By Aug. 2, the hospital filed a petition in Pueblo District Court to continue Garcia’s involuntary medication order. The suit claims the hospital’s attorney did not meet with Garcia or review his medical records, nor obtain an independent psychiatric evaluation of Garcia’s condition, prior to the hearing.

Instead, the suit claims, the attorney filed documents claiming that Garcia stipulated, or agreed, to the involuntary medication order.

Garcia’s mother was never informed of the hearing, the suit claims.

The attorney and Mrs. Garcia have since settled their suit.

By Aug. 5, 2007, Garcia complained of an upset stomach and was given Maalox to treat the problem. Three days later, he began complaining of constipation, a common side-effect of the drugs he was being forced to take, the suit claims.

The lawsuit lists 16 different types of medications that were in the order, including some that contained Haldol, Thorazine, Geodon, Seroquel, Zyprexa, Risperdal and Cogentin – all of which were administered well above dosage guidelines and in some cases dosages deemed to be dangerous, the suit claims.

“These drugs were neither carefully titrated nor monitored with laboratory testing as per manufacturer or FDA recommendations,” the suit said. “Rather, they were simply forced down Mr. Garcia’s throat or injected into his muscles as he was forcibly held down in his bed, without regard to proper monitoring.”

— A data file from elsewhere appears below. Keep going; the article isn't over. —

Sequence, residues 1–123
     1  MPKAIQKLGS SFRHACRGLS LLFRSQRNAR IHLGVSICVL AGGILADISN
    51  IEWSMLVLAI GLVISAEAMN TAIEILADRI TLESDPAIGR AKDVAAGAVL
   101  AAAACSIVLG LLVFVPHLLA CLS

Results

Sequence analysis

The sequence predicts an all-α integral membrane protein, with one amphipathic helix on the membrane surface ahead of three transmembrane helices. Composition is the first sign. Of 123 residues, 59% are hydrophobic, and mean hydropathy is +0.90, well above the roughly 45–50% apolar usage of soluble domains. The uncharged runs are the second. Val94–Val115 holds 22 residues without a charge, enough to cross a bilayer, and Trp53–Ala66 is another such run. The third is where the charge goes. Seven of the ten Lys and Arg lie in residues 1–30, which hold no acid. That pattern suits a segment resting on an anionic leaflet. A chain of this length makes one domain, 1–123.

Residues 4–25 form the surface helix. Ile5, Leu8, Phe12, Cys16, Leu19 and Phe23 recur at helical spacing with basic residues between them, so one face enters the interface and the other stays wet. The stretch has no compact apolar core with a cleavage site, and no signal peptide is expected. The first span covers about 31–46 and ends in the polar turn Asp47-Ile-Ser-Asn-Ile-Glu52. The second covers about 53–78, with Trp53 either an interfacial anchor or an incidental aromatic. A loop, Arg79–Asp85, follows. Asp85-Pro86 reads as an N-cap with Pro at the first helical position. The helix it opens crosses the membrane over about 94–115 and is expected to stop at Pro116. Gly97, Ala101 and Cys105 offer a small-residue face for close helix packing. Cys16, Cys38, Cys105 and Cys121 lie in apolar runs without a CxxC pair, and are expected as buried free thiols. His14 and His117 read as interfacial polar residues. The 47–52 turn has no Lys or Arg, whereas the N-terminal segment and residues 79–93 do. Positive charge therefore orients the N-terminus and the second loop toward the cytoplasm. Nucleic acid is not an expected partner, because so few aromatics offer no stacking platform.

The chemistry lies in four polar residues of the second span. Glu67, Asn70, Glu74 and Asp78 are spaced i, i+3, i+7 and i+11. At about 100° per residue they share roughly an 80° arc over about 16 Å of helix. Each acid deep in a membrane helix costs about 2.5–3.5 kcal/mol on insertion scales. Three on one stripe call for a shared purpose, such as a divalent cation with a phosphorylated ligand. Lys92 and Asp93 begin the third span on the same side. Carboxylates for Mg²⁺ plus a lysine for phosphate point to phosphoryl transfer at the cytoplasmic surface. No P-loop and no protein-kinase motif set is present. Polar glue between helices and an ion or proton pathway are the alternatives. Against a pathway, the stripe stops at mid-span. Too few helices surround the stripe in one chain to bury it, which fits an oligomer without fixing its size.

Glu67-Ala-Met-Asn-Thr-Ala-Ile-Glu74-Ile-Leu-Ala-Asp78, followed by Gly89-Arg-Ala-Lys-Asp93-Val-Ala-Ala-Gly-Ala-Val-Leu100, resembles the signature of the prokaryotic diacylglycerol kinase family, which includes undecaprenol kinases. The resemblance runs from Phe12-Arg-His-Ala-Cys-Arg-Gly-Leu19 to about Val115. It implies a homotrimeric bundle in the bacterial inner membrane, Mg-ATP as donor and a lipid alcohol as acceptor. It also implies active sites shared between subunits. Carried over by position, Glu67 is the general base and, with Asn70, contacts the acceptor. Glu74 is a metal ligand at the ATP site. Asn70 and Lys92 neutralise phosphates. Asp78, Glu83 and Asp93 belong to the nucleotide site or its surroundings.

The suit claims there was no monitoring by the hospital despite an order from Pueblo District Court to do so.

Instead Garcia continued to complain of stomach pains, beginning Aug. 5, then on Aug. 9, 12, 19, 21 an 24, the suit said.

The suit claims Garcia’s complaints were the result of his developing fecal impaction and dehydration.

By Aug. 23, Garcia was observed to be “eating and crying” the suit said, noting it was a clear example that eating caused him extreme pain because of his condition.

“Defendants knew that food was coming in, and consciously disregarded the fact that it was not coming out,” the suit said.

By Sept. 10, lab tests were ordered for Garcia and the results showed his Haldol levels were 10 times higher than the upper limits of the therapeutic range, the suit said.

His Zyprexa level was 73 percent higher than recommended, it said.

That afternoon, Garcia threw up dried blood and was transferred to St. Mary-Corwin Hospital.

Surgeons at St. Mary-Corwin worked to rehydrate Garcia first before they could begin to deal with his gastrointestinal problem, the suit said.

Surgeons began a colonoscopy on Sept. 14 which took over an hour. During the procedure, doctors had discovered his bowel was gangrenous, the suit claims.

Another procedure was performed three days later where doctors opened Garcia and attempted to remove portions of his colon. During that procedure, the colon burst, which led to septic shock and a fever exceeding 109 degrees, the suit said.

Garcia lapsed into a coma and died Oct. 8, 2007.

A final pretrial conference on the case is set for March 15.